Wednesday, December 10, 2014

Western Sahara – Critical health of Mr Mbarek Daoudi who is on hunger strike after a year in pre-trial detention


10 December 2014

9 December 2014 marked the sixth week of hunger strike for Sahrawi human rights defender Mr Mbarek Daoudi which he began on 1 November 2014 in protest of his lengthy pre-trial detention and the conditions of his detention. Moroccan police arrested Mbarek Daoudi ِand three of his sons on 28 September 2013, after raiding his house in the city of Guelmim in southern Morocco. Since then, he has been in pre-trialdetention, facing military court for “possessing weapons”. He is currently detained in Salé prison and is in very poor health.

On 1 November 2014, the human rights defender started a hunger strike in protest against abuse and negligence by prison officials, as well as the delay in scheduling his trial. Mbarek Daoudi's health is rapidly deteriorating. He is reportedly unable to walk or talk and has difficulty opening his eyes. He started vomiting blood on 21 November. He is detained in an overcrowded cell with over 20 prisoners.

Mbarek Daoudi is a Sahrawi human rights defender and father of five. He served in the Moroccan Army for more than 30 years and retired in 2008. He has advocated for the right to self determination for the Sahrawipeople since his retirement. At the time of the uprising in Gdeim Izik in October and November 2010, Mbarek Daoudi mobilised families in his home region and encouraged them to join the protest camp thatconsisted of nearly 7,000 tents and was later dismantelled by the Moroccan authorities.

Mbarek Daoudi was initially arrested on 28 September 2013, after the Moroccan police raided his house on El Kharchi Street, in the centre of Guelmim, and arrested him alongside his three sons, including one who was just 17 years old. The four of them were then handcuffed and moved to an undisclosed location. Reportedly, the house of Mbarek Daoudi’s father in Legsabi, 10km from the centre of Guelmim, was also raided, where police officers found a weapon from the war against the French in 1936 that belonged to his great-grandfather. Later on, the possession of this firearm was declared as the official reason for Mbarek Daoudi's arrest. Both houses were searched without a warrant.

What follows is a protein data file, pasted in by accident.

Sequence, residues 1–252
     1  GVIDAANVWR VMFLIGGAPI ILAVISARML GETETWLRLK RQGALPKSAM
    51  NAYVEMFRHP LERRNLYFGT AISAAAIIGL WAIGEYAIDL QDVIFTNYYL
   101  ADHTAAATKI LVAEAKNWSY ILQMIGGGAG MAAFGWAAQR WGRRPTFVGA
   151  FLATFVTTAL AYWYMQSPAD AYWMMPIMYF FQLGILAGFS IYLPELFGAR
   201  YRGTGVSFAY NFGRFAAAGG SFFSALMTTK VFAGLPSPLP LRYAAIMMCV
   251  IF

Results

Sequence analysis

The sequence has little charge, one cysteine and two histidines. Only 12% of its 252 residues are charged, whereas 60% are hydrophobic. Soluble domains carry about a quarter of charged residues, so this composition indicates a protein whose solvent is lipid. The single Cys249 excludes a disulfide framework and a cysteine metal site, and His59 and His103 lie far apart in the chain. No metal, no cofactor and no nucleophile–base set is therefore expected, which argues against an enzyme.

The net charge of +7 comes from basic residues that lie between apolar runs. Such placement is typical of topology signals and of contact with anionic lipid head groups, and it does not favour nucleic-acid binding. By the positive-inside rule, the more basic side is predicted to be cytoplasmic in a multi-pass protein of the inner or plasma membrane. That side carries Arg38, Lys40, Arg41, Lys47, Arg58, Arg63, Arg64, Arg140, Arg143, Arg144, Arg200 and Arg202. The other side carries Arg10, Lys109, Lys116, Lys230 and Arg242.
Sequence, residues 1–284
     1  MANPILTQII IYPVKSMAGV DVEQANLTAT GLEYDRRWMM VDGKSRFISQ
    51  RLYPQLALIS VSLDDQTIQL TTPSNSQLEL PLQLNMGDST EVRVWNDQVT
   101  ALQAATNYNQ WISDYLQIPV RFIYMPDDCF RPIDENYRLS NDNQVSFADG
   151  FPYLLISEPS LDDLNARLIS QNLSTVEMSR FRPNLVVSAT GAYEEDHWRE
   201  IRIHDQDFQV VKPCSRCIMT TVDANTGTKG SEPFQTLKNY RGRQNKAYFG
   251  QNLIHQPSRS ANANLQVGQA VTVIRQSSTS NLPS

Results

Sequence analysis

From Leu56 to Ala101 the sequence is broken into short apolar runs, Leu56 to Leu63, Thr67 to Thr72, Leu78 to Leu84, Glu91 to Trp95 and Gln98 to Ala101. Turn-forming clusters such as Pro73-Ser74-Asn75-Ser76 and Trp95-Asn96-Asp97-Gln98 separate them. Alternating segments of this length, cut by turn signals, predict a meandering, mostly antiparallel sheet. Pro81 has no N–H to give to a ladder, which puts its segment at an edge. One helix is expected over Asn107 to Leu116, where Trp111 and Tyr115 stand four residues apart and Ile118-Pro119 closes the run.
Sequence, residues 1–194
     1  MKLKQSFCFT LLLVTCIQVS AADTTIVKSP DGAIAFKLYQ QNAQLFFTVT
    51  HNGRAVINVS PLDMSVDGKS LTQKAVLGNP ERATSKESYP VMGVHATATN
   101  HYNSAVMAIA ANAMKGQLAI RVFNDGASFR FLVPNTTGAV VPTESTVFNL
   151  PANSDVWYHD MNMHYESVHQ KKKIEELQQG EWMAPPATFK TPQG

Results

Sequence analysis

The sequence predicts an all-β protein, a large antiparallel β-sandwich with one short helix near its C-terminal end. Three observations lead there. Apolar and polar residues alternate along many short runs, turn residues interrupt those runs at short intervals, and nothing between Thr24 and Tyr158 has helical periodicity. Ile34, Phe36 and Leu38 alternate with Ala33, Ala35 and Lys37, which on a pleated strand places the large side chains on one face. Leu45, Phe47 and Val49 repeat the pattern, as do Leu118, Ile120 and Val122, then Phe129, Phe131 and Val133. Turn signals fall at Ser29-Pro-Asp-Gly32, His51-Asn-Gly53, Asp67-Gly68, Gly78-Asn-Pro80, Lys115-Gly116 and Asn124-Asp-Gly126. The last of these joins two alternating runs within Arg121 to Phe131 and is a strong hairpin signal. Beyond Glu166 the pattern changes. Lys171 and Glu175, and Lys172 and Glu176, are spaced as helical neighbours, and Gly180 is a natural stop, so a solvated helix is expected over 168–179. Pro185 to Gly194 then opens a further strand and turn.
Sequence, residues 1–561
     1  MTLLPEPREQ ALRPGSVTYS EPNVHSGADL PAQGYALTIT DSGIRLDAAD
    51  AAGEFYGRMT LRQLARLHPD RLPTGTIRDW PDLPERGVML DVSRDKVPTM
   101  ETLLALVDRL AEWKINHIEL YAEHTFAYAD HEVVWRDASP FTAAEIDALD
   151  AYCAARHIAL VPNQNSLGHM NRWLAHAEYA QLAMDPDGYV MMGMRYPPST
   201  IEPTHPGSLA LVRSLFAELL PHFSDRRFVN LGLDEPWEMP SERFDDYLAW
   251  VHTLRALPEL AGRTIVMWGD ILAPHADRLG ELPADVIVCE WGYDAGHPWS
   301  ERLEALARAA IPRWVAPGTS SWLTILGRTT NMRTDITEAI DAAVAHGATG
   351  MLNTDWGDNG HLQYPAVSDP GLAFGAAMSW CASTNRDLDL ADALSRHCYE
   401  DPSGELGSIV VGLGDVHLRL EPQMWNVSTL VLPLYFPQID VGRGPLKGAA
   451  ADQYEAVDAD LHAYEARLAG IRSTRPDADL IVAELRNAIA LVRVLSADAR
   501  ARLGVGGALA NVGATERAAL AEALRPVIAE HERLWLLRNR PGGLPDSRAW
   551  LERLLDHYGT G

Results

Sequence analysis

On Friday, 29 November 2013, Mbarek Daoudi appeared before the General Crown Prosecutor at the Permanent Court of the Royal Armed Forces in Rabat, although his trial session was originally scheduled for 30 January 2014. Reportedly, Mbarek Daoudi's lawyer was not present and the court appointed a different lawyer to provide legal assistance. In his court session on 30 January, the original date scheduledfor his initial court appearance, the trial of the human rights defender was indefinitely postponed by the Moroccan military court in Rabat. He appeared before the court in the absence of his family, international observers and Sahrawi defenders of human rights. A group of observers and lawyers from Spain and France arrived the day before to attend the trial, but they were prevented from accessing the court room.

In a separate incident, on 19 August 2013, the Guelmim Commission Court in southern Morocco issued sentences ranging from four to ten months in prison against six Sahrawi prisoners, including another two of Mbarek Daoudi's sons. They were arrested after a football match for raising the Sahrawi flag, chanting slogans, demanding the right of the Sahrawi people to self-determination and leading to clashes between security forces and young Sahrawis. On the day of their trial, Mbarak Dawdi's house was surrounded by police officers in civilian clothing because of a meeting he had attended with foreign observers and Sahrawi human rights activists in the capital city of the formerly Spanish colony, El Aaiun. The international observers were also prevented from attending the trial.

Mbarek Daoudi's arrest is believed to be related to his advocacy for the right to self determination of the Sahrawi people, his regular participation in peaceful demonstrations and the fact that he had testified as a witness to the execution of a family in February 1976, whose bodies were discovered in the mass grave of Amgala in June 2013.

Front Line Defenders is gravely concerned at Mbarek Daoudi's deteriorating state of health and at the allegations of mistreatment and believes that his arrest and detention are solely motivated by his peaceful and legitimate work in the defence of human rights, and his advocacy for the right to self-determination in Western Sahara.

Front Line Defenders urges the authorities in Morocco to:
  • Immediately and unconditionally release Mbarek Daoudi;
  • Take all necessary measures to guarantee the physical and psychological integrity and security of the human rights defender, in particular grant him access to medical attention;
  • Guarantee in all circumstances that all human rights defenders in Western Sahara are able to carry out their legitimate human rights activities without fear of reprisals and free of all restrictions.